A Guide to Wall Shear Stress Measurement – #5 – Piezoelectric Transduction

by | Apr 6, 2020 | A Guide to Wall Shear Stress Measurement, Tech News

Moving forward with the four main direct transduction methods commonly employed with floating element shear stress sensors (piezoresistive, piezoelectric, capacitive, and optical), this section centers on piezoelectric technologies.

Piezoelectric Transduction

Sensors based on piezoelectric transduction [29] employ piezoelectric materials that exhibit a relationship between mechanical stress/strain and electrical voltage/charge. For shear stress sensing, the piezoelectric material is typically coupled to a floating element to transduce floating element displacement into deformation within the piezoelectric material. This deformation is either in the shear mode, as with Goyne et al. [30]–[32] and Williams et al. [33], or in the tensile/compressive mode, through use of a bimorph beam below the floating element, as with  Kim et al. [34]. Piezoelectric transduction offers the advantage of inherently low power operation; however, it cannot measure mean shear stress due to a low-frequency roll-off in sensitivity arising from inherent dielectric losses in the material. Further, inherent limitations in device sensitivity and noise floor generally limit application to either high shear stress levels or low bandwidths. Some piezoelectric based shear stress sensors are still in active development [33], [34]; however, no commercial devices currently exist.


Table of Contents

  1. Overview
  2. Comparing Techniques – Indirect Measurements
  3. Comparing Techniques – Direct Measurements
  4. Transduction Method – Piezoresistive
  5. Transduction Method – Piezoelectric
  6. Transduction Method – Capacitive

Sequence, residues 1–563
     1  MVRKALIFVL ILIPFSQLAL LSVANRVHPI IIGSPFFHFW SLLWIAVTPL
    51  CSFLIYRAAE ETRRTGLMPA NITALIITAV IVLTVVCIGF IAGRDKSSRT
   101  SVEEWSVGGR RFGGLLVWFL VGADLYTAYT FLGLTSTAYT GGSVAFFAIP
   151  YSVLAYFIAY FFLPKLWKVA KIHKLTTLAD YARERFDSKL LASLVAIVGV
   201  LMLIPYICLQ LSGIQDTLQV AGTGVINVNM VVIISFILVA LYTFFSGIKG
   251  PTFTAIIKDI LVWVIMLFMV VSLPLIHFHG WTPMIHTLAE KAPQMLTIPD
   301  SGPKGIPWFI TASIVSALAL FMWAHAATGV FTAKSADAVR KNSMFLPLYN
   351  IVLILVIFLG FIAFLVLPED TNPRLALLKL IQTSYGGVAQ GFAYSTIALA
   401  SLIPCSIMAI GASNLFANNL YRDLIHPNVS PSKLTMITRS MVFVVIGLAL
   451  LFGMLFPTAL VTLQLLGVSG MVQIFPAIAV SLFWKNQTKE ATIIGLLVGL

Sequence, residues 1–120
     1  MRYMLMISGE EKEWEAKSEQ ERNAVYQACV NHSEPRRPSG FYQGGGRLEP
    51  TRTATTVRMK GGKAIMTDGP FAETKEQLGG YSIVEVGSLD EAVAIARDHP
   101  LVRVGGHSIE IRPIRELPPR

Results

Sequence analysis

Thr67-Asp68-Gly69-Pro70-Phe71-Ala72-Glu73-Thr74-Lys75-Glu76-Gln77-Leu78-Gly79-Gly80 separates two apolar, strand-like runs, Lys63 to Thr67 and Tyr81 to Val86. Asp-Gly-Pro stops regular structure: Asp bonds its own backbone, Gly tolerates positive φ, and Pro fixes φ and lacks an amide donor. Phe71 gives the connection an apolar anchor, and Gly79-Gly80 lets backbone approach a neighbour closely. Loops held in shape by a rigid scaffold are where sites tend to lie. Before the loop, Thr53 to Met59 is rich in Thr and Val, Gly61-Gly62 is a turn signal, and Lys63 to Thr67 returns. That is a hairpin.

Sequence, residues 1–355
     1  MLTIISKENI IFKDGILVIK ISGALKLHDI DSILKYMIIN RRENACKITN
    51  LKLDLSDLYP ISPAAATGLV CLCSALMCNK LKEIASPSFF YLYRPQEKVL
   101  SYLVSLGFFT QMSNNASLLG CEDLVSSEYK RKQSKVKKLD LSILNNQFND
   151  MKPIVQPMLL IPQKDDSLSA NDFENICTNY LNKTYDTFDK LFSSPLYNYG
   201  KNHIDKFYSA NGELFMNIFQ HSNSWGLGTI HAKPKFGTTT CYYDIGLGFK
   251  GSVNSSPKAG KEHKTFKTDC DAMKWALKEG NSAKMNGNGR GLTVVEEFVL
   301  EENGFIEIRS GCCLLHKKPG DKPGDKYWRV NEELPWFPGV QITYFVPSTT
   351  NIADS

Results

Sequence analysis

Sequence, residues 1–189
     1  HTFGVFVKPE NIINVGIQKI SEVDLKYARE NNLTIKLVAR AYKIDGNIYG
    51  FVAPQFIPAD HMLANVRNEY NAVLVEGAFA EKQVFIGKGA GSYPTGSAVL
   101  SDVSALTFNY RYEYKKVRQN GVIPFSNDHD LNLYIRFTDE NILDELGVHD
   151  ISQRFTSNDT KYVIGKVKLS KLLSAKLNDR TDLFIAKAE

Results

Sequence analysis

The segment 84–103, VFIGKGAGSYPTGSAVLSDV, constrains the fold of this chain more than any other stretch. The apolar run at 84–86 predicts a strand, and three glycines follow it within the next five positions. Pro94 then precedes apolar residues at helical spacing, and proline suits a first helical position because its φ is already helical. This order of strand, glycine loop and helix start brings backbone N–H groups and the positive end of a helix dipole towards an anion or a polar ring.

7. Transduction Method – Optical
  8. Transduction Method – Summary and Guidelines
  9. Sensor Construction – Conventional
  10. Sensor Construction – MEMS
  11. Summary and References


[29]      W. G. Cady, “Piezoelectricity : an introduction to the theory and applications of electromechanical phenomena in crystals.” McGraw-Hill, 1946.

[30]      C. P. Goyne, A. Paull, and R. J. Stalker, “A Skin Friction Gauge for Impulsive Flows,” in 31st AIAA/ASME/SAE/ASEE Joint Propulsion Conference, 1995, p. AIAA 95-3152.

[31]      C. P. Goyne, R. J. Stalker, and A. Paull, “Transducer for Direct Measurement of Skin Friction in Hypervelocity Impulse Facilities,” AIAA J., vol. 40, no. 1, pp. 42–49, Jan. 2002.

[32]      C. P. GOYNE, R. J. STALKER, and A. PAULL, “Skin-friction measurements in high-enthalpy hypersonic boundary layers,” J. Fluid Mech., vol. 485, p. S0022112003003975, May 2003.

[33]      R. P. Williams, D. Kim, D. P. Gawalt, and N. A. Hall, “Surface Micromachined Differential Piezoelectric Shear-Stress Sensors.”

[34]      T. Kim et al., “Piezoelectric Floating Element Shear Stress Sensor for the Wind Tunnel Flow Measurement,” IEEE Trans. Ind. Electron., vol. 64, no. 9, 2017.

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